TT: It’s clear why energy producers here would be following developments in methane hydrate research: They are looking for more resources to tap in the future. But are there other practical applications for the research for the U.S.?

Daigle: The most immediate practical application would be pinpointing exactly where methane hydrates are and how to avoid them. They are a hazard when you’re trying to drill through them. If you’re out in the Deepwater Gulf of Mexico trying to drill a well, you have to drill through a zone where hydrates could possibly be formed, and you want to avoid them. Also, hydrates will form in oil pipelines if the pressure and temperature conditions are right.

TT: What happens if a driller unintentionally runs into the hydrates?

Daigle: What happens is that the hydrate will turn into water plus methane gas, and that is accompanied by a very large volume expansion. I think it’s 1 cubic foot of hydrate will produce somewhere around 170 cubic feet of gas. As you can imagine, that would cause all kinds of pressure-control problems. That’s the whole reason that people try to avoid them.

TT: Are there any notable incidences when methane hydrates have caused problems for drillers? 

Daigle: Hydrates were involved in the containment efforts of the Macondo well (the 2010 explosion at BP’s Deepwater Horizon drilling rig). The containment dome that workers attempted to put over the well got clogged by hydrates coming up from the sea floor. Because of that association, I get a lot of people asking, “Wasn’t the well blowout caused by hydrates?”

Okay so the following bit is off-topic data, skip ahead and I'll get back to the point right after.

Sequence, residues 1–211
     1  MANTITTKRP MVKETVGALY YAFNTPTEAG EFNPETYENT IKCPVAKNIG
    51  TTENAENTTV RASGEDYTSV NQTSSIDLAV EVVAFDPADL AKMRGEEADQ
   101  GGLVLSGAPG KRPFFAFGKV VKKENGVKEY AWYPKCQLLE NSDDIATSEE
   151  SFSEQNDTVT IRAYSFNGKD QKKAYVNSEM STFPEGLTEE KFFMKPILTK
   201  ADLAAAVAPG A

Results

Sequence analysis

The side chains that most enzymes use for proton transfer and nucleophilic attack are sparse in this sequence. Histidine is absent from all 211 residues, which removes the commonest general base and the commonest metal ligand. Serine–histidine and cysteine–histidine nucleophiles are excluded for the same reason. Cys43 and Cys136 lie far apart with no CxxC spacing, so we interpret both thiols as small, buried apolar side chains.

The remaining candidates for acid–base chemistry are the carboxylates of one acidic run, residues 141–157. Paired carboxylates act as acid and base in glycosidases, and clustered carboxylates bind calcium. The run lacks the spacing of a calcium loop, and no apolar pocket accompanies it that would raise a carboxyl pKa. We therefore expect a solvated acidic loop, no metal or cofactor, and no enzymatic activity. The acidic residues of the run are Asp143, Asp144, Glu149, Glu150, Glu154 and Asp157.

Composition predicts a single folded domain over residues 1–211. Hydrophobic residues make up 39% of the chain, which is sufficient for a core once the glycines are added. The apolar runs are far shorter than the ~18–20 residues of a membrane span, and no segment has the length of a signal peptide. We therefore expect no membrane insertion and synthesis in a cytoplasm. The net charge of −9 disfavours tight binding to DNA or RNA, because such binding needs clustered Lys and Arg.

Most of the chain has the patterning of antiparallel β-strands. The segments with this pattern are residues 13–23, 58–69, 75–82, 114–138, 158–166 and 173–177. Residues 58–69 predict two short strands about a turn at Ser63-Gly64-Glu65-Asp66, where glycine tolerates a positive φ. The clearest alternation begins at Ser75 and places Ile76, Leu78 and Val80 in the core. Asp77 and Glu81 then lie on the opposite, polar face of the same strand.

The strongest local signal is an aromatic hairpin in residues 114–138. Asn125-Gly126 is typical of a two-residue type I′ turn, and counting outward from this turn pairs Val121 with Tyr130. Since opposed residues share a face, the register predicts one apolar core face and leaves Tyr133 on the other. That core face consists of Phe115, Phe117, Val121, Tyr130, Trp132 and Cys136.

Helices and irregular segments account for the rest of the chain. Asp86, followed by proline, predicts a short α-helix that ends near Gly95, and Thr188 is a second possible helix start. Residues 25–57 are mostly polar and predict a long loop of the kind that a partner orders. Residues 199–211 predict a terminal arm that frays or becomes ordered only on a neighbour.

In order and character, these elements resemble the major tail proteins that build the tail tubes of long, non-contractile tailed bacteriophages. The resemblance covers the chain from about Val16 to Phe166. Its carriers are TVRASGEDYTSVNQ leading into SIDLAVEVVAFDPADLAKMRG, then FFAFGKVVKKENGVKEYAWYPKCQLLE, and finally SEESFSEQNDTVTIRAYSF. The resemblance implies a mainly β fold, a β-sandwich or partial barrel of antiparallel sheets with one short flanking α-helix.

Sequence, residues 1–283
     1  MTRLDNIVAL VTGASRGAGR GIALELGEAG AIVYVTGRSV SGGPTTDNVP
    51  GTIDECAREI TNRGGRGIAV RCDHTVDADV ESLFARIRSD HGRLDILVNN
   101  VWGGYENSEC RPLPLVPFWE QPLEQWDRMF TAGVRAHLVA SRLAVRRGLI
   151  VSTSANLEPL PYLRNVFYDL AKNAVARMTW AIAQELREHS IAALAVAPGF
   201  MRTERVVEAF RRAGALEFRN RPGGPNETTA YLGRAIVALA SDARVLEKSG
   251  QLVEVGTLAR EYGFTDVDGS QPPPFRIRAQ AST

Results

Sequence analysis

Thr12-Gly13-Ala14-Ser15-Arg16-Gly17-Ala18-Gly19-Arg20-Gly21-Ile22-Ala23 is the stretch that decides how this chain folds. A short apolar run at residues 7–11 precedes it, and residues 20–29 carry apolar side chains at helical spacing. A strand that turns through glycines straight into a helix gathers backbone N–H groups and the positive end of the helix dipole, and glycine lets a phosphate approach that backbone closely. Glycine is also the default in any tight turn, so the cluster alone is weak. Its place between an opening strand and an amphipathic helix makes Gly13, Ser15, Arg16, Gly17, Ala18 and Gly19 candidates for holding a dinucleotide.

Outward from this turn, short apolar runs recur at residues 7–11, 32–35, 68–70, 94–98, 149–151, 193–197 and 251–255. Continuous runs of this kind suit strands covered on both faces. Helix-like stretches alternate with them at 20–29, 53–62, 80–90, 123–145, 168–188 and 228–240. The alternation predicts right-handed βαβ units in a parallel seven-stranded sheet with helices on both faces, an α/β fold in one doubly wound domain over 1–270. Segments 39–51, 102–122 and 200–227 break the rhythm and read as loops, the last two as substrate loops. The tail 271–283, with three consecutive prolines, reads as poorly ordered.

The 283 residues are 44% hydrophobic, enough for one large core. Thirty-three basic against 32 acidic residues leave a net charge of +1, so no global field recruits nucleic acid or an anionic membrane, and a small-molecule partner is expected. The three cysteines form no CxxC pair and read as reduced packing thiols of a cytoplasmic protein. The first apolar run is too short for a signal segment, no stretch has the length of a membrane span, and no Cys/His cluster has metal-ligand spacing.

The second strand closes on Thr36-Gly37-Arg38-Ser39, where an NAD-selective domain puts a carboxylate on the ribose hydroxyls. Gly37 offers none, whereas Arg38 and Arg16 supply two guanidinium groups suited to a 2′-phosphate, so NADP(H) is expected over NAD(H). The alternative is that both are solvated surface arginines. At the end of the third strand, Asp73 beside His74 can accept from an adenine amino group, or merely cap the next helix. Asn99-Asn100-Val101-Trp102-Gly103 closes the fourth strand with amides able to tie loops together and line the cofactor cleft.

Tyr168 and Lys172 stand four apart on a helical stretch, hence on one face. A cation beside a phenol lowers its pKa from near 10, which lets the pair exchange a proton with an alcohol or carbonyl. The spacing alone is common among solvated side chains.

TT: So it wasn’t?

Daigle: No, the hydrates were only a problem during the containment efforts.

TT: Since methane is a far more potent greenhouse gas than carbon dioxide, does this issue have implications for the climate?

Daigle: Methane hydrates have been implicated in some major and abrupt changes in climate through the past 60 million years or so. The most famous was about 55 million years ago. There was a large increase in global average temperature, and there’s some research that’s been done that’s lead some people to believe that the melting of the hydrates and release of the methane into the seawater, and eventually into the atmosphere, was in part responsible for this.

TT: So what’s the focus of your research?

Daigle: We’re focusing more on the oil and gas exploration side, and somewhat on the geological side. We want to understand how big accumulations of hydrates form locally. We have large surveys that tell us in a very broad sense how much methane is there, and how many hydrates there are. It tends to concentrate in different areas. So we’re interested in looking at what conditions inside the sediment favor the formation in those areas.

TT: How long might it be until we get more concrete answers to some of these big questions about the hydrates?

Daigle: We’re using a large basin model. So it’s a big computer model, and right now we’re getting it up and running, and making sure it’s giving us reasonable answers. We hope to be done with the initial model testing by this summer, and we can get going on our main task of trying to run these simulations sometime in the next year or so.

TT: Will this project help bolster UT's reputation in the energy world?

Daigle: Texas has historically been an area of expertise for the oil and gas industry, and we view that as an extension of that.  So having this research centered here is a big part of that, and we think that’s fulfilling part of the mission of this university.

Disclosure: At the time of publication, the University of Texas at Austin was a corporate sponsor of The Texas Tribune. BP America and BP Corp. North America were corporate sponsors in 2010-12. (You can also review the full list of Tribune donors and sponsors below $1,000.)